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Meanwhile, the massive fraudulence of financial markets, revealed by the crisis, was further exposed by a steady series of exotically named scandals: the LIBOR rate-rigging affair, the Panama Papers and the CumEx tax fraud, to name just a few. It was obvious, to anyone who cared to look, that financial markets were not in the business of providing sophisticated tools for managing risk and moderating economic fluctuations. Rather, they specialised in extracting profits from insider trading and helping wealthy individuals and corporations to dodge taxes.
The COVID-19 crisis has rapidly demonstrated, yet again, the weakness of conventional monetary policy and the parasitic role of financial markets. Within weeks of the pandemic’s beginning, those central banks that had raised their interest rates above zero were forced to abandon that stand. It has immediately become obvious, however, that this would not be enough. As in 2008, the only option is massive public spending and bailouts of failing businesses.
The lesson that needs to be learned from this is that, while individual crises may be seen as unpredictable “black swans”, the regular occurrence of crises is not. In the past 100 years, we have seen the Spanish flu, the Great Depression, World War II, the stagflation crisis of the 1970s, the stock market crash of 1987, the emerging market crises of the 1990s, the GFC and now the coronavirus pandemic. With the exception of the the “glorious thirty” years of stability from World War II to the crises of the 1970s, such crises occur once every decade or so. Since their consequences can last up to five years, we spend almost as much time dealing with crises as we do in their absence.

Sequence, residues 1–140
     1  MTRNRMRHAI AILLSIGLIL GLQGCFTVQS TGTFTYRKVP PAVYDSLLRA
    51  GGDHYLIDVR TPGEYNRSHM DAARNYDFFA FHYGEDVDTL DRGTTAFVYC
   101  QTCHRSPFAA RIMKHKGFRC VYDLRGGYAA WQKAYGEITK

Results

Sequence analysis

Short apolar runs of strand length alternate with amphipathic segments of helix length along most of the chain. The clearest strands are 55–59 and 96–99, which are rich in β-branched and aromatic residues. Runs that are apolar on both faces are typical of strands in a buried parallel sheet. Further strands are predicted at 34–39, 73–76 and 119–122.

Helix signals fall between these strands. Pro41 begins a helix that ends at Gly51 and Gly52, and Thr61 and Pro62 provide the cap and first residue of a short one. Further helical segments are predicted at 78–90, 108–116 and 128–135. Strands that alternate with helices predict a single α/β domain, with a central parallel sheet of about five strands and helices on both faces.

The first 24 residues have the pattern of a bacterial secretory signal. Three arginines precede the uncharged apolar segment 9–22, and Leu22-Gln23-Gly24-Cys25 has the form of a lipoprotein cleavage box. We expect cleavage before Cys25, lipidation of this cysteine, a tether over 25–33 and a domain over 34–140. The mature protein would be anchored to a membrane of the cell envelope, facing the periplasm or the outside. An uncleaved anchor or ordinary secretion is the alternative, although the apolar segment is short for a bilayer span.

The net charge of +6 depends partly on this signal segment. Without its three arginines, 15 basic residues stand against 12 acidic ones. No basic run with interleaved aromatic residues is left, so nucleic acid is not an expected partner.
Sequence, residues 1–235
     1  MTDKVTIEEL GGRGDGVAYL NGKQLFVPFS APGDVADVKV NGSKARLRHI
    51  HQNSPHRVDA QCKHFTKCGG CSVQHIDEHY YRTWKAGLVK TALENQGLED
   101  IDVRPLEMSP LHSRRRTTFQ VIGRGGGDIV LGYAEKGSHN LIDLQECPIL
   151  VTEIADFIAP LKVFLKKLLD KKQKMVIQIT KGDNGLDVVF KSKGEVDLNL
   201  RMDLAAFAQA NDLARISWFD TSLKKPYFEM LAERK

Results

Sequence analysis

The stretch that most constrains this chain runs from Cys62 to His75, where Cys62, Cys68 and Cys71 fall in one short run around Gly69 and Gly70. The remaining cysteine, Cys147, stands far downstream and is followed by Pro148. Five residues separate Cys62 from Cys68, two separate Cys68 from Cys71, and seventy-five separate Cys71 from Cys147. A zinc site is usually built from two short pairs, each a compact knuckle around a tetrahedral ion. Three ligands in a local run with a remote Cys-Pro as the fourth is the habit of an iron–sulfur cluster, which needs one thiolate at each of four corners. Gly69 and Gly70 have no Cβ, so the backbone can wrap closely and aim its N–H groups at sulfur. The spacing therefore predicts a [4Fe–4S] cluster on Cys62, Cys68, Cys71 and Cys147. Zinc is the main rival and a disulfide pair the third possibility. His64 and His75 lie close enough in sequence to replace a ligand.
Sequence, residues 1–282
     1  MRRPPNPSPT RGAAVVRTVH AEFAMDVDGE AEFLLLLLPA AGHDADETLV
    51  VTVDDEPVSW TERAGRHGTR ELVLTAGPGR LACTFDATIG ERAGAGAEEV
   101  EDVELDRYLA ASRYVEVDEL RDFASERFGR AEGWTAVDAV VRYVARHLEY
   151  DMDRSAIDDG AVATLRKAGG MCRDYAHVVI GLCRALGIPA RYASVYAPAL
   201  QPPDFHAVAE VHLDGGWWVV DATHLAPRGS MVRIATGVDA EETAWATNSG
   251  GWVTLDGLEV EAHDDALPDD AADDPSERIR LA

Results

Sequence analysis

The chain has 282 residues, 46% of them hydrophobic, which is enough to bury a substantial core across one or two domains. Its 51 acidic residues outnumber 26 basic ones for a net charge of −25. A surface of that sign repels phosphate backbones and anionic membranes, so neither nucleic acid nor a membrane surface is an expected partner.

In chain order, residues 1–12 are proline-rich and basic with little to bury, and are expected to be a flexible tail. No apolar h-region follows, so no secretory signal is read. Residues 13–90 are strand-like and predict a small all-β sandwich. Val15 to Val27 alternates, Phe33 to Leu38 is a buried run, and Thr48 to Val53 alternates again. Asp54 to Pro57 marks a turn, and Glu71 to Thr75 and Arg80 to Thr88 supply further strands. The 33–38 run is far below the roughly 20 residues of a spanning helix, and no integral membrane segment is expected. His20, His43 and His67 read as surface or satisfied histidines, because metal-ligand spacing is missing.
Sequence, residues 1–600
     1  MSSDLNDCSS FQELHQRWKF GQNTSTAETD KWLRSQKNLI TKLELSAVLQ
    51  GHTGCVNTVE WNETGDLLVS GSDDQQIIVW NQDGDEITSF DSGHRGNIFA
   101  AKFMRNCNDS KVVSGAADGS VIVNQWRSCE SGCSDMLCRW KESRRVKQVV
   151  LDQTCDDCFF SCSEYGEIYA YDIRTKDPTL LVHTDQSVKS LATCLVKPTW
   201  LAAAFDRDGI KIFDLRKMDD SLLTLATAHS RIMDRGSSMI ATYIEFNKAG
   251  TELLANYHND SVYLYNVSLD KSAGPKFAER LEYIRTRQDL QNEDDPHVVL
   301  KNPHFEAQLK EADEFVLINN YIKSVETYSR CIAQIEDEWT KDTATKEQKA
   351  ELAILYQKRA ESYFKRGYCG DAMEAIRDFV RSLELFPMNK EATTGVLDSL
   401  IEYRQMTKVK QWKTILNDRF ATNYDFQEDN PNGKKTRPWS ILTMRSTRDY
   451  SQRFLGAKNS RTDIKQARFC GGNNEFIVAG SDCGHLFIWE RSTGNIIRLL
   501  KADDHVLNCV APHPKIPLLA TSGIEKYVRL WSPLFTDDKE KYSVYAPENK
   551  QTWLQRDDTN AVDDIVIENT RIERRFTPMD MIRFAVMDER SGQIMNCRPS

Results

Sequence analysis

The other striking feature of the pandemic is the uselessness of financial markets. In the years before the GFC, there were confident claims that “prediction markets” would identify emerging pandemics before they took place, enabling a rapid response. In reality, despite ample evidence of the potential for disaster, global stock markets kept rising well into February before crashing and wiping out billions of dollars in savings. And, now that the crisis is upon us, no one has even suggested that financial markets might help us to manage it. Rather, the potential for financial collapse is yet another problem with which governments will have to deal.
The moral of this story is that, in the absence of a strong government, committed to maintaining economic stability and full employment, capitalism is inherently chaotic. It is a system incapable of managing exogenous shocks like pandemics, but entirely capable of producing self-generated disasters like the GFC. The claim that this system has produced a “Great Moderation” is a zombie that needs to be destroyed once and for all.
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Professor John Quiggin is an Independent Australia columnist and an economist and Laureate Fellow at the University of Queensland. You can follow him on Twitter @johnquiggin.